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Cooper GM. The Cell: A Molecular Approach. 2nd edition. Sunderland (MA): Sinauer Associates; 2000.

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The Cell: A Molecular Approach. 2nd edition.

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Meiosis and Fertilization

The somatic cell cycles discussed so far in this chapter result in diploid daughter cells with identical genetic complements. Meiosis, in contrast, is a specialized kind of cell cycle that reduces the chromosome number by half, resulting in the production of haploid daughter cells. Unicellular eukaryotes, such as yeasts, can undergo meiosis as well as reproducing by mitosis. Diploid Saccharomyces cerevisiae, for example, undergo meiosis and produce spores when faced with unfavorable environmental conditions. In multicellular plants and animals, however, meiosis is restricted to the germ cells, where it is key to sexual reproduction. Whereas somatic cells undergo mitosis to proliferate, the germ cells undergo meiosis to produce haploid gametes (the sperm and the egg). The development of a new progeny organism is then initiated by the fusion of these gametes at fertilization.

The Process of Meiosis

In contrast to mitosis, meiosis results in the division of a diploid parental cell into haploid progeny, each containing only one member of the pair of homologous chromosomes that were present in the diploid parent (Figure 14.32). This reduction in chromosome number is accomplished by two sequential rounds of nuclear and cell division (called meiosis I and meiosis II), which follow a single round of DNA replication. Like mitosis, meiosis I initiates after S phase has been completed and the parental chromosomes have replicated to produce identical sister chromatids. The pattern of chromosome segregation in meiosis I, however, is dramatically different from that of mitosis. During meiosis I, homologous chromosomes first pair with one another and then segregate to different daughter cells. Sister chromatids remain together, so completion of meiosis I results in the formation of daughter cells containing a single member of each chromosome pair (consisting of two sister chromatids). Meiosis I is followed by meiosis II, which resembles mitosis in that the sister chromatids separate and segregate to different daughter cells. Completion of meiosis II thus results in the production of four haploid daughter cells, each of which contains only one copy of each chromosome.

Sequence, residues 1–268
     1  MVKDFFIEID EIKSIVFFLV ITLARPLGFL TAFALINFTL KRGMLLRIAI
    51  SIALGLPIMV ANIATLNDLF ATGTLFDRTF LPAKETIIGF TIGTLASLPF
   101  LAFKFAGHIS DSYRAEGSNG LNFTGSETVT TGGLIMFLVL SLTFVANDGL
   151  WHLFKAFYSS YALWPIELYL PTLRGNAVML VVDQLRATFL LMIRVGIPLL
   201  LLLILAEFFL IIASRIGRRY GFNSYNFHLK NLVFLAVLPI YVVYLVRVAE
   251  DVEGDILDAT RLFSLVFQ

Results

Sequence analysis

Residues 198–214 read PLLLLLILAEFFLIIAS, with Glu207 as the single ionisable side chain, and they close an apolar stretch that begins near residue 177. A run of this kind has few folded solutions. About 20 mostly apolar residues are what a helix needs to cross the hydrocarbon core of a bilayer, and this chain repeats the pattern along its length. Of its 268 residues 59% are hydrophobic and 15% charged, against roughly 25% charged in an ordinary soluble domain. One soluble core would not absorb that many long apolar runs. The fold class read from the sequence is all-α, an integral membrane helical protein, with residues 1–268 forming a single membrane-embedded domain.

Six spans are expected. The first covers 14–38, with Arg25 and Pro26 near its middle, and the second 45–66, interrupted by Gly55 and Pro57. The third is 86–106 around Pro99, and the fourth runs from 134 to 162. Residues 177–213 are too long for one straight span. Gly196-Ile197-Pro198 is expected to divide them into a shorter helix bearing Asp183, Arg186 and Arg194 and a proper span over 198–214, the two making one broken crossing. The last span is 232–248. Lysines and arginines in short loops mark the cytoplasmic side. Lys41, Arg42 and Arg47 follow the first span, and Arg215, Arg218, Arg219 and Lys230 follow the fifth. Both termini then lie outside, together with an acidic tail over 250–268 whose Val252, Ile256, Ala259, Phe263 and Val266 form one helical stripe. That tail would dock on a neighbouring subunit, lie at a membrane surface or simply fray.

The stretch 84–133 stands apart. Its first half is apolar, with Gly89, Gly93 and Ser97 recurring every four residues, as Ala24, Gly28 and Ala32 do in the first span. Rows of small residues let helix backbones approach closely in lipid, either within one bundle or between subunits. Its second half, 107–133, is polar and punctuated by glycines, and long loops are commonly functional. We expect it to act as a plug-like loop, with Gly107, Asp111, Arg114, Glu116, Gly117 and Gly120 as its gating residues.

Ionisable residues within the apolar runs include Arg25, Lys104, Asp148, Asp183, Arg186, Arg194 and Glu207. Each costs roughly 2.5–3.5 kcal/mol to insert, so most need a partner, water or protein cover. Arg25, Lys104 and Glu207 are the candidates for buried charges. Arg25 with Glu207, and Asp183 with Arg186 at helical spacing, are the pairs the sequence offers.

Figure 14.32. Comparison of meiosis and mitosis.

Figure 14.32

Comparison of meiosis and mitosis. Both meiosis and mitosis initiate after DNA replication, so each chromosome consists of two sister chromatids. In meiosis I, homologous chromosomes pair and then segregate to different cells. Sister chromatids then separate (more...)

The pairing of homologous chromosomes after DNA replication is not only a key event underlying meiotic chromosome segregation, but also allows recombination between chromosomes of paternal and maternal origin. This critical pairing of homologous chromosomes takes place during an extended prophase of meiosis I, which is divided into five stages (leptotene, zygotene, pachytene, diplotene, and diakinesis) on the basis of chromosome morphology (Figure 14.33). The initial association of homologous chromosomes is thought to be mediated by base pairing between complementary DNA strands during the leptotene stage, before the chromatin becomes highly condensed. The close association of homologous chromosomes (synapsis) begins during the zygotene stage. During this stage, a zipperlike protein structure, called the synaptonemal complex, forms along the length of the paired chromosomes (Figure 14.34). This complex keeps the homologous chromosomes closely associated and aligned with one another through the pachytene stage, which can persist for several days. Recombination between homologous chromosomes is completed during their association at the pachytene stage, leaving the chromosomes linked at the sites of crossing over (chiasmata; singular, chiasma). The synaptonemal complex disappears at the diplotene stage and the homologous chromosomes separate along their length. Importantly, however, they remain associated at the chiasmata, which is critical for their correct alignment at metaphase. At this stage, each chromosome pair (called a bivalent) consists of four chromatids with clearly evident chiasmata (Figure 14.35). Diakinesis, the final stage of prophase I, represents the transition to metaphase, during which the chromosomes become fully condensed.